“The Purge: Anarchy” entertains and frustrates
Written by William Penix|
August 1, 2014
Released only last year, “The Purge” was one of those movies whose overall verdict could be defined by four simple words: great concept, poor execution. With biting social commentary and scenes of vicious violence, the film’s trailer promised a different sort of home invasion thriller. Instead, the film fell back on the clichés of the genre and left the commentary to the background, getting lost amidst the violence. Even worse, the film had its own case of an identity crisis, with its narrative construction giving the impression that writer/director James DeMonaco did not know whether to make this a full-blown allegory or a thriller.
Now we come to the film’s quickly released sequel, “Anarchy,” which promises to be, and is, different from its predecessor. Even in such a short time, DeMonaco proved himself to be a bit more ambitious this time around, making a few improvements over the first film. But, was it enough to make a solid movie?
If you are familiar with the premise of these films, then you know they take place in a new America, “a nation reborn” with low poverty, unemployment and crime rates, all made possible by an annual purge, a night when all crime, including murder, is legal. With “Anarchy,” however, we’re in for a different sort of ride, taking the action from a gated community to the streets of downtown Los Angeles, which is one of the film’s improvements. Shifting the focus away from the wealthy to the more common folk puts the spotlight on one of the integral components of these films’ social commentary; that this ‘purge’ highlights the upper class’s desire to control, even to decrease the numbers of, the middle and lower classes. In a few moments, the film’s commentary may feel more integrated into the proceedings than the first, but there are still many moments when it threatens to get muddled, and often is, by the film’s sporadic bursts of violence.
Speaking of violence, let’s take a moment to discuss this particular film’s use of it. Even though it may hinder the film’s allegorical aspects, in a strange way, one might actually consider the violence to be an improvement over the first film. As previously mentioned, this sequel moves the action from a confined space to the public, where most of the depravity occurs in the first place, promising for a more exciting feature. The movie’s trailer promises that the film will be an all-out blitz of bloody violence, and it mostly delivers on that promise.
Compared to its predecessor, “Anarchy” is as its title suggests; an angrier, meatier film that makes the first look like child’s play. Without question, the violence in this film is grittier and far more vitriolic. Additionally, with a run time that is surprisingly 20 minutes longer, there is more of it, making for a slightly more entertaining film, and only slightly because it presents a new set of problems. DeMonaco may have been a bit more ambitious with how he tried to integrate violence and commentary, but he wrote the film into a tedious narrative pattern. “Anarchy” unleashes the violence, slows things down for the characters to connect, and then repeats the cycle. So with a longer run time and a repetitive narrative, the pacing becomes problematic, at best.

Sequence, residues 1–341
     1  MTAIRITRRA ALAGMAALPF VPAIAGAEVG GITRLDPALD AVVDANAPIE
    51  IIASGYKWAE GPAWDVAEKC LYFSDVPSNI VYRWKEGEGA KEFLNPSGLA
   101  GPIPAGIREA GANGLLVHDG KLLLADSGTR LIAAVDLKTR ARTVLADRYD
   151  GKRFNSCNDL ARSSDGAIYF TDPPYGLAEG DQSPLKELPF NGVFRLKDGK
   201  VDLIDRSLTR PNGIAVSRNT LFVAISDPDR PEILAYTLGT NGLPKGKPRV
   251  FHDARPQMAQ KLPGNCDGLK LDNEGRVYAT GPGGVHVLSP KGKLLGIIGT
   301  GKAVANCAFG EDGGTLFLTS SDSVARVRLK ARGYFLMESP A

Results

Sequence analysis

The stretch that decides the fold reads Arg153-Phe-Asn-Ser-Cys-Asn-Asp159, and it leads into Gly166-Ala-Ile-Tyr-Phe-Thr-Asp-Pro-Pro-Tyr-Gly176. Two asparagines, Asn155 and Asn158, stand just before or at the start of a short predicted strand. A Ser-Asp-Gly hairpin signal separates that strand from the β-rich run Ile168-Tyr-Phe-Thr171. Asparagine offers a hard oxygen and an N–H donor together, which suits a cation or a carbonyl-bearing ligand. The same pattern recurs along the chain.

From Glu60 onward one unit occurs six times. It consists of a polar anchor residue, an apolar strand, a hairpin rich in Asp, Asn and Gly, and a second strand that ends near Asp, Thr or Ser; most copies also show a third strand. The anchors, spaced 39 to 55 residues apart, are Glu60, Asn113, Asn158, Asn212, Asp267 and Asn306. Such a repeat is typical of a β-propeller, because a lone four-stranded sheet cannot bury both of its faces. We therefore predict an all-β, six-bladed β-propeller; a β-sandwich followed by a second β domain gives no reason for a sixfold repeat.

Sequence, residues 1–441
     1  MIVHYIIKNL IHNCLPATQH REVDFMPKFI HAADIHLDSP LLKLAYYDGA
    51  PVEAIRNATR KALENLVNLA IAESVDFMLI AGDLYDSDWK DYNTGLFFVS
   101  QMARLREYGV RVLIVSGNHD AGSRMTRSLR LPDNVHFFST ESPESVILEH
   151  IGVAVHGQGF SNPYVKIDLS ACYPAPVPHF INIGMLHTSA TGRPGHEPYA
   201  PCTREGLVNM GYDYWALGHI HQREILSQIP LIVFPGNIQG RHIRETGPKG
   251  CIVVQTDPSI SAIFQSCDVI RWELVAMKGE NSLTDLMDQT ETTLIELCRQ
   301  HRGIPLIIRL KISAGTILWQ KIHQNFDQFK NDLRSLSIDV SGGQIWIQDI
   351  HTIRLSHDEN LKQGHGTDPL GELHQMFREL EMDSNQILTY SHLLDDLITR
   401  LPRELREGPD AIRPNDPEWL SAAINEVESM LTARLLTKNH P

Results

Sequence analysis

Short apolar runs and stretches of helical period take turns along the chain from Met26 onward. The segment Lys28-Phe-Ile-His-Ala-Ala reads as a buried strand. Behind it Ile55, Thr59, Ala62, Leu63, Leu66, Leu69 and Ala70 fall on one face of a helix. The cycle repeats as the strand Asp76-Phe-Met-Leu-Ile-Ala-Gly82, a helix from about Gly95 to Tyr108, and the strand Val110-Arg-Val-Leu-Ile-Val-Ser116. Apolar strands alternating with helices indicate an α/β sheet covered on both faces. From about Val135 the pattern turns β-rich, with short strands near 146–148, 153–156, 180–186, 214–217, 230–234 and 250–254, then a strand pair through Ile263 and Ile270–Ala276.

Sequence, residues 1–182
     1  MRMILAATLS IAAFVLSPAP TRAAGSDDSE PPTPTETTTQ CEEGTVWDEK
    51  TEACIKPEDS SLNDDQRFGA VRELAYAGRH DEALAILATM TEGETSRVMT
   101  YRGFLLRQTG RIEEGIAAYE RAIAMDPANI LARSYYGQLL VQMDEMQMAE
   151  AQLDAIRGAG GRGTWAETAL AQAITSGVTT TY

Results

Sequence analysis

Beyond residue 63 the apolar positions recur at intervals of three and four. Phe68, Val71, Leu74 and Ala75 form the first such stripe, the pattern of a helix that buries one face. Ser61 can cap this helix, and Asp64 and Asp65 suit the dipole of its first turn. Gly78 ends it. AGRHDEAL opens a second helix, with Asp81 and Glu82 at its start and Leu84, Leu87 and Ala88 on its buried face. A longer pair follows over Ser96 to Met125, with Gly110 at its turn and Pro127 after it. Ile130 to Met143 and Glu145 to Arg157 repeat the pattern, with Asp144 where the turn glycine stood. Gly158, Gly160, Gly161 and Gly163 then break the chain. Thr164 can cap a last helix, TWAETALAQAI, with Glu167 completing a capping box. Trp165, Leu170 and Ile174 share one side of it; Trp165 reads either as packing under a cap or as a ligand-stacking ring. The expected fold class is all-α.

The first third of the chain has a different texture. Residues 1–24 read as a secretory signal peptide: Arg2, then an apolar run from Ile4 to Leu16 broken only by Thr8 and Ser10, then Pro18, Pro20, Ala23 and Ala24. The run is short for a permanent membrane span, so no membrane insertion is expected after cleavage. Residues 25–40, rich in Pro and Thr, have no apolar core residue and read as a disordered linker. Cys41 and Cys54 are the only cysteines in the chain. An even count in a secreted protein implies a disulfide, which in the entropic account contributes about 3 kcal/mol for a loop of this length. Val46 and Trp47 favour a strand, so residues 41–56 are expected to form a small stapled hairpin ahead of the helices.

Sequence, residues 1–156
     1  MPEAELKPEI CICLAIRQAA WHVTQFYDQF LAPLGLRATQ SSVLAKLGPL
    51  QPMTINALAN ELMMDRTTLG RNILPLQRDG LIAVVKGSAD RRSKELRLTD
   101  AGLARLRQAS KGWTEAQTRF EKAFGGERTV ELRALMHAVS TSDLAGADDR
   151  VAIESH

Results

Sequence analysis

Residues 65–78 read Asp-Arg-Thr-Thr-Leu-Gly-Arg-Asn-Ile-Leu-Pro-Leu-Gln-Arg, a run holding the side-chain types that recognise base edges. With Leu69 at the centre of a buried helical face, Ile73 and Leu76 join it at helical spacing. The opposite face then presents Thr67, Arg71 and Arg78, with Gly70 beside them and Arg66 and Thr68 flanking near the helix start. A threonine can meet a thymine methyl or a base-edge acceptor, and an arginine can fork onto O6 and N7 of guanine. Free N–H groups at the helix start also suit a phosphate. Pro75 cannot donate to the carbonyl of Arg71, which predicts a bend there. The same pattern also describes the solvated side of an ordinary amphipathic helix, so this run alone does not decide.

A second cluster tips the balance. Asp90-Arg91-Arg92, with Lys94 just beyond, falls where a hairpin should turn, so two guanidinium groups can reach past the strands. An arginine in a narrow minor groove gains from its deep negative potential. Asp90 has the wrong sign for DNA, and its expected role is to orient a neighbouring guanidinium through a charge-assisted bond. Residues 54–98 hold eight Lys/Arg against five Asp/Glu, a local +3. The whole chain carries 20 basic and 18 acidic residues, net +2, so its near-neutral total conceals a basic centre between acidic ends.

Small improvements were made to the characters, as well, once again because of the shift in focus to the streets. One of the primary reasons the first film failed as an allegory was because its narrative focused on wealthy, law-abiding citizens so blinded by their own insane patriotism that we were never going to be rewarded with a look into how their views of the annual purge were altered by the violence done to them. The shift “Anarchy” provides allows the viewer a glimpse into the lives of people who are most affected by this immoral holiday. Sure, the characters are fairly bland, but at least the audience has a better chance to invest in their struggles than those of a rich family in a gated community.
“Anarchy” winds up being simultaneously entertaining and frustrating. Both “The Purge” and “Anarchy” point to a similar idea: The human species is an animalistic one. In many ways, in fact, we are worse than animals. But “Anarchy” does one thing its predecessor did not. By presenting an oppositional force and with a more positive ending, this film suggests a hope for change, for a day when those in power listen to dissenting voices. Advertising for this film ominously tells you to “survive the night.” Whether or not you survive this movie is completely up to you.
Rating: 2 stars out of 4